Tag Archives: Caspar David Friedrich

That Warm Late-Summer Eve — Stanza 57

Monk by the Sea (c. 1809), by Caspar David Friedrich.  'Alone and quite disoriented.'

Monk by the Sea (c. 1809), by Caspar David Friedrich. 'Alone and quite disoriented.'

Res Publica, Book One, Canto the First

57.

Alone and quite disoriented.
A tarp of Western rain, or ghost-
like fog blacked-out New Zealand’s coast
which often, at night, was ornamented
with candy sprinkles of light. And this,
dear reader, this dark and lonely abyss
at which I found myself that warm
late-summer eve just after a storm
had sent me adrift – this isolated
mass of hardened, sharp, serrated
earth – without a single friend
– is where my Canto One will end.

Zireaux’s comments on this stanza
Our stanza-a-day format makes this last line sound untruthful, as two more stanzas still remain in this opening canto. Jumping in time, to tomorrow and Thursday, our reader will see exactly why Arcady chooses to end the canto when he does.

 

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That Vast Imploding Gulf of Loneliness — Stanza 55

Seashore with Shipwreck by Moonlight, by Caspar David Friedrich, 1835-1840

Seashore with Shipwreck by Moonlight, by Caspar David Friedrich (1774-1840)

Res Publica, Book One, Canto the First

55.

And yet I felt that same foreboding
sense I’d had while dreaming – the sense
of being abandoned to fatal portents;
and too, alas, that vast imploding
gulf of loneliness. The air
and water were mostly still. But there
were sounds: the gentle creaking
of my boat – a demon speaking.
The trickle of water, like tiny twittering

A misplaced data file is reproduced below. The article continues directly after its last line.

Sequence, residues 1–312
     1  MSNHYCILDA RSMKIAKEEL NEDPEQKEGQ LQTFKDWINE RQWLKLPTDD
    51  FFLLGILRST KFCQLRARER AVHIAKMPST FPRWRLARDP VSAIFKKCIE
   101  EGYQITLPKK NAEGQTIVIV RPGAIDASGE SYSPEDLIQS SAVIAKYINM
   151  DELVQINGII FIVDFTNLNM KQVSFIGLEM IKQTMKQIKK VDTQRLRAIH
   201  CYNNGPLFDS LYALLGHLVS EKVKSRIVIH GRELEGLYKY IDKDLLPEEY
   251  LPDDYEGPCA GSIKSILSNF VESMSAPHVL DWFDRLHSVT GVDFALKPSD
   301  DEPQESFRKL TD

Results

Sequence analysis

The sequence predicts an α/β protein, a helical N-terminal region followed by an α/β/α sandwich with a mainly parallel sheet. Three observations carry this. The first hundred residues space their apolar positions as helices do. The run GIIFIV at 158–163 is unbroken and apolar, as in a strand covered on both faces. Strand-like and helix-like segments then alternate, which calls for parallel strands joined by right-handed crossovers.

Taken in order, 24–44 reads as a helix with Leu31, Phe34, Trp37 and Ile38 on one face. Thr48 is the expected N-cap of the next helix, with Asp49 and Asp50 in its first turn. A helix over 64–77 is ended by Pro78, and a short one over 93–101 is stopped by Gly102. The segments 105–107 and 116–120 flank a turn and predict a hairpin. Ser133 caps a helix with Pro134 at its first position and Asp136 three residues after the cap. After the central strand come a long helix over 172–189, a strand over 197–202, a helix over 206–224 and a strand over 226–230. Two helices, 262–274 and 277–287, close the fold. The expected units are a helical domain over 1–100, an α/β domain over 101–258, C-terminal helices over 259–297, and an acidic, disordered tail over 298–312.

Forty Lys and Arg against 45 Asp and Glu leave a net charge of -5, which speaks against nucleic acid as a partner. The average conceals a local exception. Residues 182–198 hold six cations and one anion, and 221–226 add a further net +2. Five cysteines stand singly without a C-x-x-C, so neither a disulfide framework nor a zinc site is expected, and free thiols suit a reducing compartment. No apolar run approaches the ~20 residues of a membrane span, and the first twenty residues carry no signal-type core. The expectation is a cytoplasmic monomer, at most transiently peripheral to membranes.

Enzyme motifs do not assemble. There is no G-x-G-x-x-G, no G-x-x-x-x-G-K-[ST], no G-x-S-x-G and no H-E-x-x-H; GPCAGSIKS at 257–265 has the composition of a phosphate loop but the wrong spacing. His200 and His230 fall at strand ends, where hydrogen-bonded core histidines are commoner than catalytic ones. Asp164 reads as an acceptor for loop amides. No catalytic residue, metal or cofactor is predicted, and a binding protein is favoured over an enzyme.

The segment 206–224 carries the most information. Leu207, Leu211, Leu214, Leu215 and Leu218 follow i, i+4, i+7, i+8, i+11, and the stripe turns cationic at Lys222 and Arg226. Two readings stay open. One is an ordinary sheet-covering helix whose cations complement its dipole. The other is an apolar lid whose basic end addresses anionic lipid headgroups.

trumpets heralding the glittering
stars – my crown of thorns. One sound
unnerved me. I looked around.

 

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Enough, Digression! You Mountain Climber — Stanza 52

Wanderer above the Sea of Fog (1817-18) by Caspar David Friedrich

Wanderer above the Sea of Fog (1817-18) by Caspar David Friedrich

Res Publica, Book One, Canto the First

52.

Enough, Digression! You mountain climber.
We trek too far and leave behind
our reader! What dizzying peaks my mind
has scaled with you – this novice rhymer
knows, as with the climber’s art,
descent is often the difficult part.
Discovery’s as much about
reporting back as seeking out.
Those daydreamed heights. The records we’ve broken.
The views we’ve seen – yet left unspoken;
and thus, unknown; and thus unfound.
Without an ear, what good is sound?

Zireaux’s comments on this stanza
One must write on mountaintops. Compare the lines of this beautiful stanza to something Arcady says much later in Res Publica: ‘A hill requires ridges, crags / – not height alone – if it’s to snag / the best of climbers.’

On the New Zealand climbing scale, Res Publica has a grade of somewhere between (depending on which route you take) two and seven. Rope is often required. Ice picks, as well. Bivvy bags for some stanzas. There are both vertical and crux sections; and periods of sustained technical demand. In other words — a most comforting thought for this author — any reader snagged by these verses thus far is most certainly a worthy climber.

 

Read from the beginning of Res Publica | Listen to the audio version (read by Stuart Devenie) | Buy a signed copy of the book

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